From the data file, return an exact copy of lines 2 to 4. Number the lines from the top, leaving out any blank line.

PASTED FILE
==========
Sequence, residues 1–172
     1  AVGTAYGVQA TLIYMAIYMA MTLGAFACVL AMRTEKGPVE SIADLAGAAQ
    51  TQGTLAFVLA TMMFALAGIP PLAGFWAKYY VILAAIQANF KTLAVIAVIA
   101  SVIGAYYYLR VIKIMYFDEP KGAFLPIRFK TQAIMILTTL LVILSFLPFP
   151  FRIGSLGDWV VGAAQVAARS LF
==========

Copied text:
     1  AVGTAYGVQA TLIYMAIYMA MTLGAFACVL AMRTEKGPVE SIADLAGAAQ
    51  TQGTLAFVLA TMMFALAGIP PLAGFWAKYY VILAAIQANF KTLAVIAVIA
   101  SVIGAYYYLR VIKIMYFDEP KGAFLPIRFK TQAIMILTTL LVILSFLPFP